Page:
Noah Rubin feels tennis needs to hit ‘rock bottom’ to change for the better

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These are the worrying times for lower rank and file tennis player like Noah Rubin, the American ranked 225th in the ATP due to holding of earning potential with no tournaments. As during this coronavirus pandemic, he feels that tennis needs to hit “rock bottom” so that things should change for the betterment of the sport’s lesser lights.

Rubin, 24, lives in a vastly different world to the likes of Roger Federer and Rafael Nadal who are financially settled during the shutdown.

Accordingly, to the ATP website, Rubin earned $33,000 this season, even though deduct expenses and does not give much financial security especially when it comes to professional tennis which on hold until mid-July.

“It’s a tough thing to say, but I am almost hoping that it hits rock bottom,” Rubin told Eurosport’s Tennis Legends podcast that goes out later on Thursday.

“But I am hoping because I have spoken to ATP and WTA before and the urgency to change tennis hasn’t been there. So, I am hoping that rock bottom almost like lights a fire under their butts and says ‘hey, we’re in trouble. Other sports aren’t in trouble as much as we are, let’s do something,” he added.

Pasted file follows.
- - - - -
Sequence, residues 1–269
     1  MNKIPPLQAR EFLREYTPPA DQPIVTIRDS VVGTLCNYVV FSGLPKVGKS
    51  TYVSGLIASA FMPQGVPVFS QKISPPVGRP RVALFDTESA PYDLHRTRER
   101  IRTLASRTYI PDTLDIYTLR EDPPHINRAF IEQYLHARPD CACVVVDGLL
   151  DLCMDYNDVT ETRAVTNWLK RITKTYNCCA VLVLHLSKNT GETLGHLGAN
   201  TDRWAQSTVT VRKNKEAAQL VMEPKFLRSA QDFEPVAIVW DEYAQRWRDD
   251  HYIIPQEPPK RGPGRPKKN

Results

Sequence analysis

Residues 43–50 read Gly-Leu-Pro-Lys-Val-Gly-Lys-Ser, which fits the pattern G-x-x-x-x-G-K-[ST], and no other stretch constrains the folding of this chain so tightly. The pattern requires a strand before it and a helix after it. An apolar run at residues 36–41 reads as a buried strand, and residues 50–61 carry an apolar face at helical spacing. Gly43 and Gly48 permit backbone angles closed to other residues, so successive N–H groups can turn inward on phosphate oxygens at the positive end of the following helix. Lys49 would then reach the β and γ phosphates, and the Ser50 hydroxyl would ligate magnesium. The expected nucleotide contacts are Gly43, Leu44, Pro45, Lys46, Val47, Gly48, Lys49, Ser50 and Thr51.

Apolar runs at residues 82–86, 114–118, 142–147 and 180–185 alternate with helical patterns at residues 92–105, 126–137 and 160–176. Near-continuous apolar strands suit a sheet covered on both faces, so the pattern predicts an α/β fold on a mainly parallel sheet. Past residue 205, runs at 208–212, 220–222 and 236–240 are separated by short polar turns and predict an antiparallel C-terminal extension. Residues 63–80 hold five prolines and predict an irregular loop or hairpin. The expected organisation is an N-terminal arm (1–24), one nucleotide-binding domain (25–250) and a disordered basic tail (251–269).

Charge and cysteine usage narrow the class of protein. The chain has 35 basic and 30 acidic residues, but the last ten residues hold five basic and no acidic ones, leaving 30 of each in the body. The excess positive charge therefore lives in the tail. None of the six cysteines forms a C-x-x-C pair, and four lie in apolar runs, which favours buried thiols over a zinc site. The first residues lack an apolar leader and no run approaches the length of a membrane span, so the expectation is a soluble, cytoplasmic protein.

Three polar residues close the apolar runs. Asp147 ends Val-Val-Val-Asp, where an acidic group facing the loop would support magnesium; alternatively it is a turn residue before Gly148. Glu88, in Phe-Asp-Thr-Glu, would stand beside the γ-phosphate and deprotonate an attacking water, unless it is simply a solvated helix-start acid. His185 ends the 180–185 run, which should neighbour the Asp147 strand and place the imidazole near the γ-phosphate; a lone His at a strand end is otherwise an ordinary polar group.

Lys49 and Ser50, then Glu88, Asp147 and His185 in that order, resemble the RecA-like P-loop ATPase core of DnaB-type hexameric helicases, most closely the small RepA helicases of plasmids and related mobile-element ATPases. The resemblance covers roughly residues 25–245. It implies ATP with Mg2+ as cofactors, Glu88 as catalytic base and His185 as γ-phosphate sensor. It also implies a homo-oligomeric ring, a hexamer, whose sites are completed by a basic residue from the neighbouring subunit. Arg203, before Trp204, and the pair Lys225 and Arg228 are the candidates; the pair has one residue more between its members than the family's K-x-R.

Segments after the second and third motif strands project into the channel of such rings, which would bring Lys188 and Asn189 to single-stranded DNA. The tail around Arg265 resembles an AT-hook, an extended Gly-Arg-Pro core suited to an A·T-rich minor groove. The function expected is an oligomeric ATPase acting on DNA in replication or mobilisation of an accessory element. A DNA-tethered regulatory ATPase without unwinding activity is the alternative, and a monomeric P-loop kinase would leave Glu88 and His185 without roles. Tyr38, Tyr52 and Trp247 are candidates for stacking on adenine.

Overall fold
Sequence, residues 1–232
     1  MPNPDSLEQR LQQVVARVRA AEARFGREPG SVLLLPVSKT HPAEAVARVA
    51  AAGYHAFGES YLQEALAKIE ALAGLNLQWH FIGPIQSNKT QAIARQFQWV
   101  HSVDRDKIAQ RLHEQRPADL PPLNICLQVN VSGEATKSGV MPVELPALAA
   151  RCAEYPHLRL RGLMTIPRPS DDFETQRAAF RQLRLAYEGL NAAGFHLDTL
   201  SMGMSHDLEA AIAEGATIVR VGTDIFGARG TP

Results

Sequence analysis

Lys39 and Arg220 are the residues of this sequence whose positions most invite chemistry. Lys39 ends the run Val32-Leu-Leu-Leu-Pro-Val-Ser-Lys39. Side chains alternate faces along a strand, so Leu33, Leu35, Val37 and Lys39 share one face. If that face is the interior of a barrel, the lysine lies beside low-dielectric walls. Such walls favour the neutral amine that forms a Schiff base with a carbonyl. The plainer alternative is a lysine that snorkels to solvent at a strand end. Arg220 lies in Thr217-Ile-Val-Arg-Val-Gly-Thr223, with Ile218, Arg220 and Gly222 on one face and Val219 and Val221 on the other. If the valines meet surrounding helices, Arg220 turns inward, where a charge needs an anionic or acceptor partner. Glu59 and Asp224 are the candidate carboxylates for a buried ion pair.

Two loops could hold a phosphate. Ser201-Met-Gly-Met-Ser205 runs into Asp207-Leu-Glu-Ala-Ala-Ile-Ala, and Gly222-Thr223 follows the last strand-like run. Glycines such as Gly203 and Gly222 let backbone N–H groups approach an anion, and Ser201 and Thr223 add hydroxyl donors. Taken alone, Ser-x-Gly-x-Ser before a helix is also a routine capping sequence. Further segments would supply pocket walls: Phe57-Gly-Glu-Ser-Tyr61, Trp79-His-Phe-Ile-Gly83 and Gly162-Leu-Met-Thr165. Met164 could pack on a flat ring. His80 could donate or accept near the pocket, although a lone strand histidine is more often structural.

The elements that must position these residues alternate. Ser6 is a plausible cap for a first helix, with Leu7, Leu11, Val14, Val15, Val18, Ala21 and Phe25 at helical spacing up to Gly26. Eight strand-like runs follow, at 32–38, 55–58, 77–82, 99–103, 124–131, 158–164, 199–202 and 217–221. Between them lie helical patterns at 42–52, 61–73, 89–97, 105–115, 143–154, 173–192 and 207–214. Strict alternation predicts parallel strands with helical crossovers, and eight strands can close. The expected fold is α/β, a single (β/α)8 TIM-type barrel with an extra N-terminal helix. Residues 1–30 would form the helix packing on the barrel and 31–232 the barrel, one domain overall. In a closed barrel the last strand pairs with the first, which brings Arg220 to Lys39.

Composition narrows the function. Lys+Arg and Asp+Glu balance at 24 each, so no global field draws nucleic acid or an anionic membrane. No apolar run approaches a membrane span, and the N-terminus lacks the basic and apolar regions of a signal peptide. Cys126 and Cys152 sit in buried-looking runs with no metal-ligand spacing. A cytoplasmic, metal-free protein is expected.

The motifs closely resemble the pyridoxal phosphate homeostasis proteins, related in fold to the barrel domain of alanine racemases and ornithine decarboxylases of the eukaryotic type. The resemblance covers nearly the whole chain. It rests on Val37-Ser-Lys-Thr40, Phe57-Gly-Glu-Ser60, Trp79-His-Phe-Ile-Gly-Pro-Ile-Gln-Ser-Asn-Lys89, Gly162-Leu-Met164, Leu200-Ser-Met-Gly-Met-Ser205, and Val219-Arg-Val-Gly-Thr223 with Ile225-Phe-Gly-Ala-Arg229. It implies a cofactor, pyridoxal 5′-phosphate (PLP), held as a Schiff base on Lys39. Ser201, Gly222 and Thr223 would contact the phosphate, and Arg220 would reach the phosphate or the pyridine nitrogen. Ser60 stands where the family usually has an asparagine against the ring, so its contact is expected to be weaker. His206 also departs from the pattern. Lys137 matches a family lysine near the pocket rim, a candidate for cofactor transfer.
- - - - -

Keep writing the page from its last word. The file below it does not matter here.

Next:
Novak Djokovic has convened on the tennis world to provide a relief fund for players struggling financially during COVID-19.

Federer reckons the ATP and WTA to merge in accordance to boost the health of the sport while Andy Murray has hailed of equal distribution of Grand Slam prize money and the ATP and the WTA along with the International Tennis Federation and the organisers can help struggling players by creating coronavirus relief fund.

Owing to this, Rubin says that in these “crazy times” tennis bodies should take a step to sustain the depth of the Tour, rather than just applying band-aids that will not provide longer benefits.

“We have some of the most incredible minds in the world in the sport of tennis, I think we can use everything together. The brands and all the actual money that comes out of it and create something that’s bigger and better than ever.” Rubin said.

“But at the same time, through the conversations I had so far, I’m worried about the state of tennis when we come back, I am talking to my friends right now and within the next two, three, four months they are going to be questioning how they are going to pay for rent or mortgage, To say we can’t even help players at 150 in the world when we’re having these issues. There must be something wrong with the sport or the system itself.” he added.

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